Best Buy Bets on Digital Price Labels
Best Buy continues to transform its business and in-store experience with the addition of digital price labels to 240 stores.
After quietly testing electronic shelf labels and digital shelf-edge solutions from Sweden-based Pricer over three years, Best Buy has graduated from the pilot stage through a recent large-scale rollout. The partners initially had staged a 60-store pilot just ahead of the 2017 holiday season. Last May, Pricer announced a nearly $30 million order covering 150 stores, following up just a month later with an order for approximately 30 more stores worth another $5 million. Deliveries began during the third quarter and were expected to be completed by the end of 2018.
Fast forward to today, with ESLs in 240 Best Buy stores — some 20% of the company's U.S. footprint — allowing the company to more accurately manage thousands of labels across stores from a single location, ensuring prices are displayed correctly and aligned across sales channels.
“In a shopping environment where more and more customers shop both online and in physical stores, having the ability to quickly update prices in our stores is very important,” Nicole Nelson, vice president of pricing and merchandising analytics at Best Buy, said in a media release. She added that having ESLs in place substantially frees-up employees’ time, allowing them to focus more on serving shoppers rather than changing paper price tags, as well as to get important real-time product information like inventory status.
Elevating the role of its “Blue Shirt” store employees is a huge component of Best Buy's 2020 strategy. When the retailer introduced a new logo in conjunction with a brand refresh and supporting marketing campaign last May, it was meant to zero in on (among other things) the interaction between employees and shoppers as a way to differentiate the retailer through personalized customer service.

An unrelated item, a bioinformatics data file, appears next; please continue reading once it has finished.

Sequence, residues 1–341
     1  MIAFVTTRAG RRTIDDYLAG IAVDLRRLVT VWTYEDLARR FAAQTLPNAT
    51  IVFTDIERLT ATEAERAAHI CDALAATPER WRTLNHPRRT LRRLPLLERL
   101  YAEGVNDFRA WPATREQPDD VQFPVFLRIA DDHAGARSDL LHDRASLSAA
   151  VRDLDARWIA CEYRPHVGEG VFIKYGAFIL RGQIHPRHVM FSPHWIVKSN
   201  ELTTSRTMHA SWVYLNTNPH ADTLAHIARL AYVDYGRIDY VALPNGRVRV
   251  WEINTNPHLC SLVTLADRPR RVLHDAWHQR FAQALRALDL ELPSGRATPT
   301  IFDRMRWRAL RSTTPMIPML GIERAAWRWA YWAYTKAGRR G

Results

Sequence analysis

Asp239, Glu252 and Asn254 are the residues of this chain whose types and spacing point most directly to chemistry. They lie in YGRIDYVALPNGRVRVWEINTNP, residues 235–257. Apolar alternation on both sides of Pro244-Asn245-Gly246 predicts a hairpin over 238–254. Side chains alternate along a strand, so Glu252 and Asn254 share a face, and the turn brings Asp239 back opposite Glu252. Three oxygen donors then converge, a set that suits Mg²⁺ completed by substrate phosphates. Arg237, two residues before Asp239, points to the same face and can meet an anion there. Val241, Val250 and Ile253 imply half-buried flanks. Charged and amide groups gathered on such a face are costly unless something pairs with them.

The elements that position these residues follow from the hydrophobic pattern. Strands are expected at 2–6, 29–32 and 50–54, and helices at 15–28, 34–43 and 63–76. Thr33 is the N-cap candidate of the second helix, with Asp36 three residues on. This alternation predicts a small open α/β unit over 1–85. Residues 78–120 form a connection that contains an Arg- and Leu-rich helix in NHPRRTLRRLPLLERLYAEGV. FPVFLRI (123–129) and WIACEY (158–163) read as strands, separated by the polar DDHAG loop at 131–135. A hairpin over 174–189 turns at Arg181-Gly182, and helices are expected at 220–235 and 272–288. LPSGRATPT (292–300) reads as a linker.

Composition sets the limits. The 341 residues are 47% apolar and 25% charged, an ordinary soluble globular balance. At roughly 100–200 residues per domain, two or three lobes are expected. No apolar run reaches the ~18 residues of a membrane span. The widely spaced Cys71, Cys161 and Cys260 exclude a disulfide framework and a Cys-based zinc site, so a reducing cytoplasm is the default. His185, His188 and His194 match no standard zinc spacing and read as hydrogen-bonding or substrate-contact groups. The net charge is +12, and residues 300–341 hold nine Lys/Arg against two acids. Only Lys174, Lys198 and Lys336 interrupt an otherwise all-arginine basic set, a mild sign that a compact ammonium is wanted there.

At a time when Best Buy wants its store associates to boast a more customer-facing, hands-on role, alleviating a task as time-consuming as physically changing price tags makes sense. A blog post from market research firm Gap Intelligence's "mind the gap" blog estimated that "even the smallest Best Buy locations devote up to 40 labor hours each week to price tag management, equaling almost 2,000 labor hours a year" and predicted that the ESLs should save Best Buy $10 million or more in merchandising labor costs alone during the first year (not to mention price tag printing/shipping savings).
Best Buy isn’t alone on this journey. Many retailers have been experimenting with digital price tags. Take Amazon, which is using digital price labels in its 4-Star store to display most of the information available on a typical online product page including a product’s price (and price for Prime members), rating and how many customer reviews it has.
Best Buy’s ESLs can display similar information, as well as:
- product features, such as the video resolution, zoom capabilities and screen size of a Sony camcorder, for example.
- customer reviews that are updated nightly.
- warranty information accompanied with a QR code scannable for more details.
- the price and availability of both new and open-box versions of the product on the same label, which can help reassure shoppers skeptical of an open box item's quality.
Best Buy has been pushing shelf-edge innovation since at least 2010, when it took the lead on mobile integration by added QR codes to the fact tags in all U.S. stores, becoming the first national retailer to embrace the use of mobile devices during shopping trips.
As the price of adoption drops for digital shelf-edge technology, there is even more potential for innovative usage. Other ideas presented by solution vendors include:
- partnering with brands to promote products.
- offering online promotions in stores.
- pushing personalized offers using location-based Bluetooth technology.
- bringing online sales and Prime Day-style deals to stores.